The classic 35mm photography term is an aspect ratio and actually refers to an image being a ratio of 3 to 2. i.e. if the long side of a picture is 300pixels, then the short edge will be 200 pixels. There are other ratios that are used in photography; some examples of these are 5×7, 4×4 or10x8. The crop tool can be configured to keep to an aspect, and can be overlaid onto the picture from the menu tool bar, Tools / Crop Guide Overlay / Aspect Ratios.
When the crop tool is selected (marked yellow below), the bounding box will appear around the image (marked red). The crop tool can be modified by grabbing the corners or the middle of each edge of the crop box, then moving the crop bounding box. You may notice that sometimes when the crop bounding box is reduced in size, it will keep locked to a specific aspect ratio. This is due to the lock icon (marked brown) being set to ‘locked’. The lock can be released at any time and will disable the aspect ratio lock, the crop bounding box will then be allow to move freely.
You can also modify the locked aspect ratio by editing the ‘Aspect’ within the attributes panel (marked brown below). When this is modified, the physical size/shape of the crop bounding box will be changed, and allow re-positioning of the image.
A custom crop can be manually created, by selecting the two rulers next to the aspect ratios (marked brown below), and drawing over the picture with the mouse or pen.
The ruler tool (marked red below) allows the image to be straightened, if required. To operate this tool, select the ruler and draw a straight-line on the image. In this example it will be drawn across the natural horizon. Once the ruler has been applied, the image will rotate and be straightened. The new picture after the rotation is show in yellow below.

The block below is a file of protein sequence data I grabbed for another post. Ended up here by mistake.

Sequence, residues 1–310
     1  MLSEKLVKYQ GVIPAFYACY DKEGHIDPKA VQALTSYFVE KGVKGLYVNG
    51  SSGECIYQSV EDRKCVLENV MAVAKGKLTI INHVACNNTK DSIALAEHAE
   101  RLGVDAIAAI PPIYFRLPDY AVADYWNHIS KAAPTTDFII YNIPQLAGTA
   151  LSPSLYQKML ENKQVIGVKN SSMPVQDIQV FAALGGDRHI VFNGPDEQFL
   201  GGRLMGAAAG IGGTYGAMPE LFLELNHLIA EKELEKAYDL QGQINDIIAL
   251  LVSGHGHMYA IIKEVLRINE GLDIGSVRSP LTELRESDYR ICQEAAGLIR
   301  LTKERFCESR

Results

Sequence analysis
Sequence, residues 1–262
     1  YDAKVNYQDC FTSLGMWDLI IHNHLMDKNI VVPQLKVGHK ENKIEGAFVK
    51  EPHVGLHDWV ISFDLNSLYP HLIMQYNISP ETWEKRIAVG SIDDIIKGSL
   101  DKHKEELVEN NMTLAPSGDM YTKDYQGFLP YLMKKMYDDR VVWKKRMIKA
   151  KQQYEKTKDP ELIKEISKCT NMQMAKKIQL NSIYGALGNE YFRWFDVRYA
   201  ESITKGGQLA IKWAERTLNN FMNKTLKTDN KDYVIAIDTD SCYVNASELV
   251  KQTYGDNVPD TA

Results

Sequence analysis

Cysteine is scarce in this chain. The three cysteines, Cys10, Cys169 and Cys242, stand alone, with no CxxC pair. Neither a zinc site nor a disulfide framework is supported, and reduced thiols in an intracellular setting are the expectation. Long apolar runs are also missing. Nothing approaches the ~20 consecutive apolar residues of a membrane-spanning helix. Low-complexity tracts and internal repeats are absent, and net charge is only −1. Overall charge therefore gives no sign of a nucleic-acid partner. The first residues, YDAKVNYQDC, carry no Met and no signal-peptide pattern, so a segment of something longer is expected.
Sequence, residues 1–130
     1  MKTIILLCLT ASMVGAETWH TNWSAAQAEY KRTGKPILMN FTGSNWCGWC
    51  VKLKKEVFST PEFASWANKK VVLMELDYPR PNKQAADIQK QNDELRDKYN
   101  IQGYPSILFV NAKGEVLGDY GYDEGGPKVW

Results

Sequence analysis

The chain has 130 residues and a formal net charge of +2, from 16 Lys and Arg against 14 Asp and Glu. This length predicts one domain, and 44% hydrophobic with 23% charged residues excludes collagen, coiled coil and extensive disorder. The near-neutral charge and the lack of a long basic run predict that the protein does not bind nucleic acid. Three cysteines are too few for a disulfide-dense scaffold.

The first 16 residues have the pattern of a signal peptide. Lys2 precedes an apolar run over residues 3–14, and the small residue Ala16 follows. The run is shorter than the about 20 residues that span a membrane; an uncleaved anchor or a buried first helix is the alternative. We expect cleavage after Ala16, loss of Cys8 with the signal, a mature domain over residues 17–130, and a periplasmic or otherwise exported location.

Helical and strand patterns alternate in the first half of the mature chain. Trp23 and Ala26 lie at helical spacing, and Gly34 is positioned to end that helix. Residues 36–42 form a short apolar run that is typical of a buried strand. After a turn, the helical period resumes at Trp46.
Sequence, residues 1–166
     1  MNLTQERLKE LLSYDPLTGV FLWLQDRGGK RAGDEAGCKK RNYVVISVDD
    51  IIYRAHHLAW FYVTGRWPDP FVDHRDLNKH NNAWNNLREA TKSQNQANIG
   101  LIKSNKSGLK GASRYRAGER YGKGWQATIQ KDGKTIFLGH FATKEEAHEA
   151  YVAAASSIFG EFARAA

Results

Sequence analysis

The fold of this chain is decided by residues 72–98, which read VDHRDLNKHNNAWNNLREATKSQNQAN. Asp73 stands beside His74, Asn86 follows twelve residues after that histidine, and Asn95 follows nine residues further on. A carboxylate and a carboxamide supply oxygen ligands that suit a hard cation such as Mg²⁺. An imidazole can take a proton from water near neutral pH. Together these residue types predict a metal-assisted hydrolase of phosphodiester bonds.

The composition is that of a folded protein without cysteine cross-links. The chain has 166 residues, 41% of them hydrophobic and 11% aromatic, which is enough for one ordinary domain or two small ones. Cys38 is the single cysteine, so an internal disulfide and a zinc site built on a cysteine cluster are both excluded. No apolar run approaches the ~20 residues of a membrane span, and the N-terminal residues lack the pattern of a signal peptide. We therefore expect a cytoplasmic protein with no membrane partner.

The Radial filter can be used to apply an ellipse shape mask anywhere in the picture. One example of this is to focus the viewers attention on a certain part of the scene or keep the viewer in the picture and not drift out.
One traditional dark room techniques was to add darkness or burn the edges of an image (derived from the center of the photograph). This effect would be used to keep the viewer in the picture for a longer time. The “post crop vignette” (available under the effects panel) in Lightroom is used to create this effect.
The “post crop vignette” is very useful. However, sometimes an option to draw the same effect anywhere in the picture can be useful. In this example it will be used to focus the attention on the person running thought the scene.
The Radial filter is available with the other tools (marked yellow) and has the same adjustments (marked orange). When this filter is added to the picture, the pin for the shape will be displayed.
The default shape of radial filter is an ellipse, but, can be changed by dragging the shape handles (left or right hand side, top/bottom). These handles are marked red on the shape below. The tool also has blending properties (marked brown), so it can be faded into the picture and will be more difficult to see on the final image.
You can see in the picture following, the exposure has been applied to outside of the Radial filter, as well as a slight yellow tone.
I hope that has given you a good overview of the local adjustment tools inside Lightroom, and we look forward to seeing what images you create using this very powerful RAW image editor.
N.B. The only tool that was not covered here was the Red Eye reduction tool. To use this tool, click the red-eye reduction (third from the left in the brushes and tools bar under the histogram) and find an area of the scene that needs to fixed (i.e. a human eye and not an animal), and click it. Lightroom will fix the red-eye and remove it from the picture.